My personal preference is the 18-year-old but it carries a hefty price tag anywhere from $120-$160 a bottle, so I often go with the less expensive 12-year-old or 10-year-old. There is a clear distinction in taste and status but one can never go wrong with any of the Macallan scotch whiskies because the company produces some of the best single malts in the world.
Today I am going to focus on the 10-year-old because that is what I currently have resting beside my delicious Alex Bradley Prensado cigar here in my cigar cave. I always drink my scotch neat and this one is no exception. A lot of scotch drinkers like to add rocks or a splash of water to their scotch to release flavors. I prefer it neat because I feel the water or rocks water it down too much and I lose some of the “bite” and smokiness that I love. To each his own.
Beginning in 2004 Macallan introduced the Fine Oak series which is matured in seasoned American oak casks and sherry casks from Spain. This delicious malt is triple cask matured for a minimum of 10 years in a complex combination of oak casks, Spanish oak seasoned with sherry, American oak seasoned with sherry, and America oak seasoned with bourbon to deliver an extremely complex single malt whisky.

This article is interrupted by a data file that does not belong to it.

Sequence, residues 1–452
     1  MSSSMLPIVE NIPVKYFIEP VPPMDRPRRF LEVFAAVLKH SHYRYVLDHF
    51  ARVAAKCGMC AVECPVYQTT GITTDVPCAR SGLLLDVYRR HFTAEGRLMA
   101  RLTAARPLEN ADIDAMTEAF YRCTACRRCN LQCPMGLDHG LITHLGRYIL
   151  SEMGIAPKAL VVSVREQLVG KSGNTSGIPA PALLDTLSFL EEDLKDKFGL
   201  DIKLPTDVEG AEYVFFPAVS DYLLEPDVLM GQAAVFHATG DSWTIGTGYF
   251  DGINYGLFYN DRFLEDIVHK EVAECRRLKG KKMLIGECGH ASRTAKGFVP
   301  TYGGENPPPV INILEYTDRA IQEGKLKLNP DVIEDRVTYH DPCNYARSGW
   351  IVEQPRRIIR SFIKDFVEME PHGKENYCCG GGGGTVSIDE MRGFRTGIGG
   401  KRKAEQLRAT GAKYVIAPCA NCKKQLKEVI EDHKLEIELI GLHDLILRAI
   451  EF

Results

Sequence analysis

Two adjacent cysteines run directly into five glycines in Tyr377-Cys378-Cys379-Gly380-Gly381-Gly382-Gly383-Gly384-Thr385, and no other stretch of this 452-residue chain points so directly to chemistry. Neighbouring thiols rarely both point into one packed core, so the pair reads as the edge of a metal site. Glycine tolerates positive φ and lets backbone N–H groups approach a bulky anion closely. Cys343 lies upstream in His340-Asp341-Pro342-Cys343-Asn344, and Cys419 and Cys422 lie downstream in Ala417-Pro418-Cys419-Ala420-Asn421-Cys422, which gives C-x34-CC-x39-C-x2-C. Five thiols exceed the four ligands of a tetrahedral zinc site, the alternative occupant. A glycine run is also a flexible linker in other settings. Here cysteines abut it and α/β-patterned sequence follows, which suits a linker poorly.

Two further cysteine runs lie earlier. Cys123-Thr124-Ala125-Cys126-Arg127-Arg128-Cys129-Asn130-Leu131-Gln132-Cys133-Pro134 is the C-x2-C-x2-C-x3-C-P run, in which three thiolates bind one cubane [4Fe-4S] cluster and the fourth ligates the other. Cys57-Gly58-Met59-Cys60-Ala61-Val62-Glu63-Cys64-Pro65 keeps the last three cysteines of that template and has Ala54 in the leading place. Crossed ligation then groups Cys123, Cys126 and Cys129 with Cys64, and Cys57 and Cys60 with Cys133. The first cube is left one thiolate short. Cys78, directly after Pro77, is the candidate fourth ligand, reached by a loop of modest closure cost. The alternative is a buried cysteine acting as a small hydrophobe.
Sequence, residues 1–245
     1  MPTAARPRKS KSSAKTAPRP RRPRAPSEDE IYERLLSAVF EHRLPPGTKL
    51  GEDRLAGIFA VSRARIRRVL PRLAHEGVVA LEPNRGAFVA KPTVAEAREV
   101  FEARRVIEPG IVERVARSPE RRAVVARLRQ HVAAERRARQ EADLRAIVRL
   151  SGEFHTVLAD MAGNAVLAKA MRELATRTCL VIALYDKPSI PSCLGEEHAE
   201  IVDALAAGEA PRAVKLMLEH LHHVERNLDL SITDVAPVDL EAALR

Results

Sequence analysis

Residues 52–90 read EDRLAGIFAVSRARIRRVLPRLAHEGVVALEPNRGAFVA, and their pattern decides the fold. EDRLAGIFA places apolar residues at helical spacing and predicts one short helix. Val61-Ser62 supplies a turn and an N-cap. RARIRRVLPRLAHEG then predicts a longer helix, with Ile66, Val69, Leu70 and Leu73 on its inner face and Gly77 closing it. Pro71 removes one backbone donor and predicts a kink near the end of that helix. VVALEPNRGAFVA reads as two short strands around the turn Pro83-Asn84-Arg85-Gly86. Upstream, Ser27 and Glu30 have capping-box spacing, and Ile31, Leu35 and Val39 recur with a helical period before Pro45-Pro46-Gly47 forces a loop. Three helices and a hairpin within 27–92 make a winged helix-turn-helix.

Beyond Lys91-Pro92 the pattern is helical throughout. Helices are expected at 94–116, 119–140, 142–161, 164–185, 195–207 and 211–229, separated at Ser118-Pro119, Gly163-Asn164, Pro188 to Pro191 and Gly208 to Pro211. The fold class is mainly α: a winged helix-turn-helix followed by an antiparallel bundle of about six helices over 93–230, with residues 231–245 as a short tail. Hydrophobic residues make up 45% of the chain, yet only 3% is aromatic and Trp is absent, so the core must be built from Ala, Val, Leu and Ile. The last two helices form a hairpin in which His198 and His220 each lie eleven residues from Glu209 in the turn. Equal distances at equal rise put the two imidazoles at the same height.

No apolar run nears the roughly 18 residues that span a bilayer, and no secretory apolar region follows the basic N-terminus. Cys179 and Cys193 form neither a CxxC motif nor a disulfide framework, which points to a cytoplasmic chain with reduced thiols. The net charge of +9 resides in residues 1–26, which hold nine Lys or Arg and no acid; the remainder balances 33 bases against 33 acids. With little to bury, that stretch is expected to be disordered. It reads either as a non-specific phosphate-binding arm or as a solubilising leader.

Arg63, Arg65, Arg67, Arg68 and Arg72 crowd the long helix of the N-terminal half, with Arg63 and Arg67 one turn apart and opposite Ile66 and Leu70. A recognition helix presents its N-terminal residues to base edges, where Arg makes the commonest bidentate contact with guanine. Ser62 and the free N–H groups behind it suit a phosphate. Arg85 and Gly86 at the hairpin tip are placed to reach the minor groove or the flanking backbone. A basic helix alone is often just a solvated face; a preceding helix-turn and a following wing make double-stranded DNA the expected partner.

When I poured the Fine Oak into my glass, it immediately emitted the delectable aroma of oak spiced butterscotch with a dollop of treacle that steadily accents the butterscotch while preventing too much sweetness. When I finally broke free of my aroma inflicted trance, I placed the lip of the glass gently against my lips and graciously welcomed the light caramel and sweet honey flavors blanket my palate.
When I finally decided to swallow her golden river of bliss it flowed down the shoot with a bit of a “bark”, which I enjoy. If you prefer a smoother ride to the gullet try adding an ice cube or a splash of water but like when she bites on her way down.
There is so much to savor in the Macallan 10-year-old fine Oak, especially its wonderfully complex, rich character. It retails for about $40 a bottle.
Like I said earlier, I enjoyed my Macallan 10-year-old fine Oak with an Alec Bradley Prensado cigar but I think any medium to full bodied cigar would pair nicely with this scotch, especially an AF1 by Emilio Cigars.